Do you need support in finding and harnessing motivation?
Let me try to paint the picture here.
So you have decided to make a change to your lifestyle – fantastic! Readiness to make a change is the first step towards achieving your goal.
However, after some time you’re now starting to feel like exercising is becoming a bit of a chore. Or, the changes you have made to your diet has left you feeling like you’re missing out and it’s becoming more of a hassle than it’s worth.
Motivation is starting to wear thin and old habits are starting to slip back in.
Does this sound familiar?
It’s something that I hear frequently from my clients, I am even guilty of it myself sometimes!
So how do you stop this cycle and maintain that motivation?
You find your reason WHY.
Majority of the time my clients tend to have a good idea about what is involved in eating healthily but what I love doing is helping enhance their motivation. I do this by getting them to find their reason why they wanted to come see me in the first place, getting them to understand their reason why they wanted to make a change.
Ask yourself, why is it that you started exercising? Was it to lose weight and get fit? Was it because working out is your stress release and you enjoy the feeling you get from it?
Ask yourself, why have you decided to make a change to your diet? Again, is it because you want to lose weight and get fit? Or is it because you just like how your body feels since you have started to eat healthier?
Whatever it is, it’s your reason why. Write it down. Put it somewhere visible and when you start to feel that motivation drop, go back to your reason why.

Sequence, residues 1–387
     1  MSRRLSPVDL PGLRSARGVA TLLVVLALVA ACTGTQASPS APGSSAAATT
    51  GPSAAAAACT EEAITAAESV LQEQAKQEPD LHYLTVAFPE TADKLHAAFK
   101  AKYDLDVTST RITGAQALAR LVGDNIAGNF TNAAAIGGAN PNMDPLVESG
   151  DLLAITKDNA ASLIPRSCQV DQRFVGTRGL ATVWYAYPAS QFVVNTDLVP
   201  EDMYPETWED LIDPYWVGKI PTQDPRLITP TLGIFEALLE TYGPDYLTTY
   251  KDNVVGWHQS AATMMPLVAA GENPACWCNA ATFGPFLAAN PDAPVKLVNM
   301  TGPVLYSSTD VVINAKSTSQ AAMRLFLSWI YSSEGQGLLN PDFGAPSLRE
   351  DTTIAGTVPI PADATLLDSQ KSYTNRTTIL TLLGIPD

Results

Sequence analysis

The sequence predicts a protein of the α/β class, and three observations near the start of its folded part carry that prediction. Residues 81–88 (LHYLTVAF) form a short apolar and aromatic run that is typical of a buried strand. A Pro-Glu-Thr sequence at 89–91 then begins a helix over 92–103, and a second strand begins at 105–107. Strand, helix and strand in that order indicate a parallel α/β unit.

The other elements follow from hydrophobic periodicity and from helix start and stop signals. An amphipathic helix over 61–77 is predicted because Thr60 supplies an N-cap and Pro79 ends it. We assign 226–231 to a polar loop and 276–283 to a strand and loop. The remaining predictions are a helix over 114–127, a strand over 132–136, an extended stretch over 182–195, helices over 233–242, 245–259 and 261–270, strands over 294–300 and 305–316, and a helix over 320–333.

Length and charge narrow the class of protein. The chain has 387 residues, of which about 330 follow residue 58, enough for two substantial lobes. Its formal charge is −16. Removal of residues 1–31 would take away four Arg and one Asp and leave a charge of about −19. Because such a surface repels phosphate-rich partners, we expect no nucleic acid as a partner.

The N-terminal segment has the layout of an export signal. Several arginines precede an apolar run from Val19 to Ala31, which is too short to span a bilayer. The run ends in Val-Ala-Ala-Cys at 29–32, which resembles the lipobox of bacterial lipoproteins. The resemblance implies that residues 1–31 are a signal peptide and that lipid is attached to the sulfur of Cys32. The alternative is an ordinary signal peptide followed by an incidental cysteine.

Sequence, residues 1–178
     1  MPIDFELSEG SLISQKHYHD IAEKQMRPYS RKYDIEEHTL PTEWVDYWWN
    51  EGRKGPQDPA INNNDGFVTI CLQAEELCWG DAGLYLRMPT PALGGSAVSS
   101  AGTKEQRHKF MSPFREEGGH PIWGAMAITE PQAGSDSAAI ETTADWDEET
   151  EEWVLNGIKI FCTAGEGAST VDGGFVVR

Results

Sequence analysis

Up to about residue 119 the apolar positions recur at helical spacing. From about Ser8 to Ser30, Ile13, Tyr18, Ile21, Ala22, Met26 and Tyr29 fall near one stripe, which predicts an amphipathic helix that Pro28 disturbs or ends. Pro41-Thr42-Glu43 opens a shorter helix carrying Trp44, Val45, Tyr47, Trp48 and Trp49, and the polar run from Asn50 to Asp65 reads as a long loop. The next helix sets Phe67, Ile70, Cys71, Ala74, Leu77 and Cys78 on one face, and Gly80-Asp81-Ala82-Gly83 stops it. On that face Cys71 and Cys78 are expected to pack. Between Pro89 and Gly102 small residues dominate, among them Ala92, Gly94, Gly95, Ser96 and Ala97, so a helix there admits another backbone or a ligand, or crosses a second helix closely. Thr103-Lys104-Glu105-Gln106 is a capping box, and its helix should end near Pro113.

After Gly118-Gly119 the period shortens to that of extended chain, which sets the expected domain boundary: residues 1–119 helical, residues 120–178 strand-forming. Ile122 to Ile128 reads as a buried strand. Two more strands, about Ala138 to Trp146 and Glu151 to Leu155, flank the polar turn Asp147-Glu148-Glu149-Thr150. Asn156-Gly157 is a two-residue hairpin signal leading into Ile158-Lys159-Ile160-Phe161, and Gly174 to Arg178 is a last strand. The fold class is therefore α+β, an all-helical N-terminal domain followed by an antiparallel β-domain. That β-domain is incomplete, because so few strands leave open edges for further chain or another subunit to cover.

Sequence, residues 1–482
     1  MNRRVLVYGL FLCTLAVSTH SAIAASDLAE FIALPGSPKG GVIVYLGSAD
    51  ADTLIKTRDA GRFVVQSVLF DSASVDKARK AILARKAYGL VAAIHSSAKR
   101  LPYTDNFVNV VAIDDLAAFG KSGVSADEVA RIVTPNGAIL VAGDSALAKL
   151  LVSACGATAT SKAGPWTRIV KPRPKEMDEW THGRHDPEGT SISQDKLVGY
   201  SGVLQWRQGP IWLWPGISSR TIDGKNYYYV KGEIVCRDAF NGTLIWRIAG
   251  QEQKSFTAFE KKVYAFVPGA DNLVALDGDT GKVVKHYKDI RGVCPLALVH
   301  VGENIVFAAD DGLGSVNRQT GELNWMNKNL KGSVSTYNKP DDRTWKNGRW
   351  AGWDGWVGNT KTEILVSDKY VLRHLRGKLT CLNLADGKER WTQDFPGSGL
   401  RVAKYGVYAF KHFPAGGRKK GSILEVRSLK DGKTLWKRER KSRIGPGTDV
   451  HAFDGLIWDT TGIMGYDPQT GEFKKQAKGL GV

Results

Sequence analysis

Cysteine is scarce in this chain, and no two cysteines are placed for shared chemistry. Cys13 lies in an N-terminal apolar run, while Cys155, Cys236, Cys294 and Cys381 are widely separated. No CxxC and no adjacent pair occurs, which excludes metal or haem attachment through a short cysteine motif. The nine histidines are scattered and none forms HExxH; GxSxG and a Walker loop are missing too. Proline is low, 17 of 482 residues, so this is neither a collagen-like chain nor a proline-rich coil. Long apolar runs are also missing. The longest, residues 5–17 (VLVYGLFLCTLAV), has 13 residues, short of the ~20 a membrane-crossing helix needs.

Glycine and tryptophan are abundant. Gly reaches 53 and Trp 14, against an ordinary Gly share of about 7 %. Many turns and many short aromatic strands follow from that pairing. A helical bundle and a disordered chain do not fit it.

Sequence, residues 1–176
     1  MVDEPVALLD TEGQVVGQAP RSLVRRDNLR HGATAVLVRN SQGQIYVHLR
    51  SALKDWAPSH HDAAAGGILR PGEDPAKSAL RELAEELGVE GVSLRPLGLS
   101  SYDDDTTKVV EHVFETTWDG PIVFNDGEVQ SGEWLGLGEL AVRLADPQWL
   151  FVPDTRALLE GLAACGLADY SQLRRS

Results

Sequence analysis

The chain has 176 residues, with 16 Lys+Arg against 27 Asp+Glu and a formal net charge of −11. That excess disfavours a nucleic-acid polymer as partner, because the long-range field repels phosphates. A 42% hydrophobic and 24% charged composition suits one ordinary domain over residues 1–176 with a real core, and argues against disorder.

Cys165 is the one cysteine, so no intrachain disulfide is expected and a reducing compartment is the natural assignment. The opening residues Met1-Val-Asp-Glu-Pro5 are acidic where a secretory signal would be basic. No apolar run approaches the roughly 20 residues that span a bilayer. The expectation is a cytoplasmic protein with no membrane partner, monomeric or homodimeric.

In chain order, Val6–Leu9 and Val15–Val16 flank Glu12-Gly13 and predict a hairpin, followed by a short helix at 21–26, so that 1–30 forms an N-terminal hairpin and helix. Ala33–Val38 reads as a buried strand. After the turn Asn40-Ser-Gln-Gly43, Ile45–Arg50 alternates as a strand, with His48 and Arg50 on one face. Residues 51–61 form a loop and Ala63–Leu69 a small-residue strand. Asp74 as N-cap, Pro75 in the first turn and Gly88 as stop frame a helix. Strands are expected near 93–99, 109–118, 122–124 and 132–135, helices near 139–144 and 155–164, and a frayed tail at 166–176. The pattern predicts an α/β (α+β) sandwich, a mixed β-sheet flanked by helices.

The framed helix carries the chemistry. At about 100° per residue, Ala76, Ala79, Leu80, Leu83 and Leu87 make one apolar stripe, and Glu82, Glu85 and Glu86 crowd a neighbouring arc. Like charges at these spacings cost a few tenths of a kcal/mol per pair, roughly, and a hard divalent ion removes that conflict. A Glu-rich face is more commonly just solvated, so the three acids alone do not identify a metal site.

Just as an important note, I have found that my clients’ motivation is more likely to be maintained if their reason why is more on the positive spectrum, for example, exercising and eating healthily because of the way it makes them feel, as opposed to purely just to lose weight. When you’re focused on the less positive view you’re more likely to see exercising or eating healthily as a chore and almost like a punishment.
As always, I encourage you to build that healthy relationship with food and exercise. That in itself is a result to work towards.
Dietitian (MDiet, APD)
Sports Dietitian (AccSD)
Nutritionist (BSc Nutrition)
Liana has extensive experience and a special interest in general, clinical and sports related health and nutrition. Striving to find the balance between life, food and fitness lead Liana to find her passion for helping others establish their balance as well as a positive relationship between food and health.